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Bringing Back Mulberry Row

Mulberry Row

Building upon more than 50 years of archaeological investigation and documentary research, Monticello staff is now in the process of interpreting and restoring Mulberry Row.  Lined with more than 20 dwellings, workshops, and sheds, Mulberry Row was the constantly-changing hub of the 5,000-acre Monticello plantation.  Although it was essential in Jefferson’s time, its buildings have all but disappeared—only the remains of four structures survive.   Without most of the buildings, how can we effectively convey the sense of the place and the stories of the scores of people—enslaved and free--who lived and worked there?

A team of archaeologists, curators, educators, and historians is planning the interpretation and restoration of Mulberry Row, which will take place in phases over several years.  Our findings and research will be presented on this blog.  We invite you to participate in the process by sharing your ideas and reactions.  Follow our posts and let us know what you think.  Your feedback will help us shape what we do as we design an on-site exhibition, web site, computer animations, and ponder the re-creations of buildings.

Over the next year, this blog will present the ideas and issues we’re grappling with:

  • Mulberry Row’s people—the weavers, spinners, blacksmiths, tinsmiths, nail-makers, carpenters, joiners, gardeners, stablemen, and domestic servants,
  • the organization and function of the Monticello plantation,
  • Jefferson’s efforts to make money through agriculture and light industry,
  • the results of archaeological investigation,
  • how Mulberry Row changed over time and why, and
  • the restoration of existing structures and the re-creation of others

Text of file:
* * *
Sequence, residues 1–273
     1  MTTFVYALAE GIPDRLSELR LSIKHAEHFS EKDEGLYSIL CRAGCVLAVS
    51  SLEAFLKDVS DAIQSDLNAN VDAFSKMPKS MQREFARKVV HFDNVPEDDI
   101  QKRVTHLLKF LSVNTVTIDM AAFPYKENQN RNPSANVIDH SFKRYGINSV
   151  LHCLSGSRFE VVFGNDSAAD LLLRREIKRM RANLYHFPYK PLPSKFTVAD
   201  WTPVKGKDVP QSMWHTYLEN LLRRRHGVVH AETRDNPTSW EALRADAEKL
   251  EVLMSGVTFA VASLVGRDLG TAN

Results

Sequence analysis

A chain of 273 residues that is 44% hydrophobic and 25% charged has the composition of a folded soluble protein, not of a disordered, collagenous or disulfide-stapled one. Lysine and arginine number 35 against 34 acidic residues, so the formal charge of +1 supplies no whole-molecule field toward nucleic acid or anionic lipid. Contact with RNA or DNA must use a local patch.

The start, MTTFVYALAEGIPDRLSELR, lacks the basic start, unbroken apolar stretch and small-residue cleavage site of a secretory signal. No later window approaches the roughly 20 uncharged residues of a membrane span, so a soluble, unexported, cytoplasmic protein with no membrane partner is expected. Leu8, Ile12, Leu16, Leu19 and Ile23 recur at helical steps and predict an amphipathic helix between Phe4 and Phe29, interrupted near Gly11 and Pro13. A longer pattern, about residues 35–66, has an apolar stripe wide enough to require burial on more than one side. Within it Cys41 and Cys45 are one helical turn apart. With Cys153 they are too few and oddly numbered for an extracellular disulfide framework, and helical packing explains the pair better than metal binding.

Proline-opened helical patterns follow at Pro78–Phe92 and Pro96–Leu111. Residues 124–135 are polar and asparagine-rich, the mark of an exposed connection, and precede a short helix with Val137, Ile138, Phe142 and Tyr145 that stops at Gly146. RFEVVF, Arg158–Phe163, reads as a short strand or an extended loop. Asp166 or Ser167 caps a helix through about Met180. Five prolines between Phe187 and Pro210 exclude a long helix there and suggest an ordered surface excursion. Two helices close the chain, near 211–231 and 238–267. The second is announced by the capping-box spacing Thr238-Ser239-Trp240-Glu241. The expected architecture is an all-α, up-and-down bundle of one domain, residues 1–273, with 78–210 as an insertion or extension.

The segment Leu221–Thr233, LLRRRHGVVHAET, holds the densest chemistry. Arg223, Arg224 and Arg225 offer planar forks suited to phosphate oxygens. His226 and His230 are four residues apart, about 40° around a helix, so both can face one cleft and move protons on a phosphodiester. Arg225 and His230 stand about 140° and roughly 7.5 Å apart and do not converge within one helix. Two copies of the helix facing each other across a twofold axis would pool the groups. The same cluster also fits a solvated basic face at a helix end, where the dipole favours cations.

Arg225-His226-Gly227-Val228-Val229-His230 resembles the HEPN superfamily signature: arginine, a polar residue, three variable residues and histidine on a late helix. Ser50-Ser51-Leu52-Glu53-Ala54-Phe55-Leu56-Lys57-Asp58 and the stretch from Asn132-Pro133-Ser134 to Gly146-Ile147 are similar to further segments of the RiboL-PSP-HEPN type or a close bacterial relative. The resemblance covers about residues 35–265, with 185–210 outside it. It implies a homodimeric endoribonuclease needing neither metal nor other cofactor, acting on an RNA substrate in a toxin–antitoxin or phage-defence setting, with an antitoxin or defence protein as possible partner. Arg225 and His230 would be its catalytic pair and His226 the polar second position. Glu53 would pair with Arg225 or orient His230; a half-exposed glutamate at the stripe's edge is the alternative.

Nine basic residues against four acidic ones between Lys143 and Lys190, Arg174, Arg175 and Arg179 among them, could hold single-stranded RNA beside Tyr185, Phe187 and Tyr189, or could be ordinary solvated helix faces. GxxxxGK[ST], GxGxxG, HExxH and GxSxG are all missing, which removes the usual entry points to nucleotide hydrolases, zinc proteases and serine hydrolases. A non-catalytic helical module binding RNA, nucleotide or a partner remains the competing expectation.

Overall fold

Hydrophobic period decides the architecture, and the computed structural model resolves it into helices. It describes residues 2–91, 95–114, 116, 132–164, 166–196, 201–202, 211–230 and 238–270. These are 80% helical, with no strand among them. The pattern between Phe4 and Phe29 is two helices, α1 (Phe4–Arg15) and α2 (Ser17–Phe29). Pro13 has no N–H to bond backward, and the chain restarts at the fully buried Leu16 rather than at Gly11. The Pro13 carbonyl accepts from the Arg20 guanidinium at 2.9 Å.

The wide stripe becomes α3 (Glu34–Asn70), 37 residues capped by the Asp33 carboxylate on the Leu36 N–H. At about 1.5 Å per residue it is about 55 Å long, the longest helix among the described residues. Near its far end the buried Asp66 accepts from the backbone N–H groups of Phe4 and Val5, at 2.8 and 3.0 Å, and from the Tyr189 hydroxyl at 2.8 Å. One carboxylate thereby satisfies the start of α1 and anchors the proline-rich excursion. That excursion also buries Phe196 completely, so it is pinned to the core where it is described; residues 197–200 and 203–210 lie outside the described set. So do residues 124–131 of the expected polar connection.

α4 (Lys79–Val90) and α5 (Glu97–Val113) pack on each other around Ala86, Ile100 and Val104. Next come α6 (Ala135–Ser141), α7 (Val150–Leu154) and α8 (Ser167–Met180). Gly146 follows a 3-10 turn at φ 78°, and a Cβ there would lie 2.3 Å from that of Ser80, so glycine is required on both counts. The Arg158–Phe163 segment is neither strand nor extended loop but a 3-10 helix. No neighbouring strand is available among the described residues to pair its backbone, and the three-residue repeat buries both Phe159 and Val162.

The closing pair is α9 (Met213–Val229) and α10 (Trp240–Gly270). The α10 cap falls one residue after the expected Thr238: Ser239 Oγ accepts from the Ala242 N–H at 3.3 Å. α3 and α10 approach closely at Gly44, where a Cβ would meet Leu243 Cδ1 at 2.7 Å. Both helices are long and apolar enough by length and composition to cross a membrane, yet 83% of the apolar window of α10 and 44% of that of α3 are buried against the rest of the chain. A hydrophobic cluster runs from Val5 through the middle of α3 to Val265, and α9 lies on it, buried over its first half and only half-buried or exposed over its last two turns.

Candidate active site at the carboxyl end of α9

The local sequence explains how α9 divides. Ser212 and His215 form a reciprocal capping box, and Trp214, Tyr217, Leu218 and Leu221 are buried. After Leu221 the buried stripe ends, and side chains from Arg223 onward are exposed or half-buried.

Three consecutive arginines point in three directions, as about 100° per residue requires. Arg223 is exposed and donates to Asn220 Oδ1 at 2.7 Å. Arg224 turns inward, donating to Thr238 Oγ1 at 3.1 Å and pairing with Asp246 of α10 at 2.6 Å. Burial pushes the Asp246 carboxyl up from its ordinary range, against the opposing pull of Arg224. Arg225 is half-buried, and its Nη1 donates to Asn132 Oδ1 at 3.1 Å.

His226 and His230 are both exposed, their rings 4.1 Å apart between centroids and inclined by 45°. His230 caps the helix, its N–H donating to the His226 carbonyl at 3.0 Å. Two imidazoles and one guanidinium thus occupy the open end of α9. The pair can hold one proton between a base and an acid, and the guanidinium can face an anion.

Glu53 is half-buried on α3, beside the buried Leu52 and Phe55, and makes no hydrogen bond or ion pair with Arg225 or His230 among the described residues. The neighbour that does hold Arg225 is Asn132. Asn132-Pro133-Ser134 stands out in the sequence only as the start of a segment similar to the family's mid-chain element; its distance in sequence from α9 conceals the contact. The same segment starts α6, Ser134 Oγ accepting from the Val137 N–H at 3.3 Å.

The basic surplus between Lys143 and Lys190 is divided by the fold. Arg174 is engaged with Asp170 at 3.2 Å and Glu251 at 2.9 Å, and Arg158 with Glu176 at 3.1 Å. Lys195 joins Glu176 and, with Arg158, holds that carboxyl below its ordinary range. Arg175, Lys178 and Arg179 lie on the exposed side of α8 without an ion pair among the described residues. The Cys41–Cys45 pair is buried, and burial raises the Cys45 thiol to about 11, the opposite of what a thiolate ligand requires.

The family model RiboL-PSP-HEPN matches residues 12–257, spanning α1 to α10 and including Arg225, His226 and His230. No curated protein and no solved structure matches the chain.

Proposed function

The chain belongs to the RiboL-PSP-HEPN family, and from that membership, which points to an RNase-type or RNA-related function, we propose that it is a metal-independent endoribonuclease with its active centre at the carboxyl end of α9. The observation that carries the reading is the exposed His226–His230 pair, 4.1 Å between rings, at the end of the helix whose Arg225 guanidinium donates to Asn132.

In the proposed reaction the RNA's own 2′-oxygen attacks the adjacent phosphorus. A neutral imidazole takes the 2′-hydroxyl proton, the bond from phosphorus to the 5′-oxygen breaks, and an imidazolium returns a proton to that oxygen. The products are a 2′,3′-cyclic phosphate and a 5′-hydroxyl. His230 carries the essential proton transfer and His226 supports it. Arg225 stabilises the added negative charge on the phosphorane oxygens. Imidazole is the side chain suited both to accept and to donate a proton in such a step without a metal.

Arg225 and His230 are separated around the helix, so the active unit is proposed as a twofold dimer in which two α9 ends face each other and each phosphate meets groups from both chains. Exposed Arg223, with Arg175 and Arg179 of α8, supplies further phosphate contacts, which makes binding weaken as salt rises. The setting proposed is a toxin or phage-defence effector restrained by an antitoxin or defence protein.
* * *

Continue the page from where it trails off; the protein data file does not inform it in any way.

Next post: Mulberry Row and the larger Monticello plantation.

Our work is generously supported by an award from the National Endowment for the Humanities, the Fritz and Claudine Kundrun Foundation, and private gifts.


Charles Morrill's picture
Interesting how-high tech Mulberry Row became in terms of textile technology. As I understand it, Jefferson had a flying shuttle loom sort of like this one on you tube: ....and even a spinning jenny like this one: So you've really got all the elements of a small factory, at least in terms of textiles on the later Mulberry Row. Seems to me it developed quite a good way beyond just a spinning wheel and the traditional loom wherein one quietly passes the shuttle back and forth. Here you've got all the spindles of the Jenny humming away and the shuttle slamming into the shuttle boxes at either end of the loom every half second or so. It was all human powered, but the place must have hummed...
Charles Morrill
arthur's picture
Great links and a very evocative description of the sound!
luisdoportoalejandre's picture
That Murberry Row is so beautiful. I'm really impressed and amazed.
Luis Doporto Al...
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Mulberry Row


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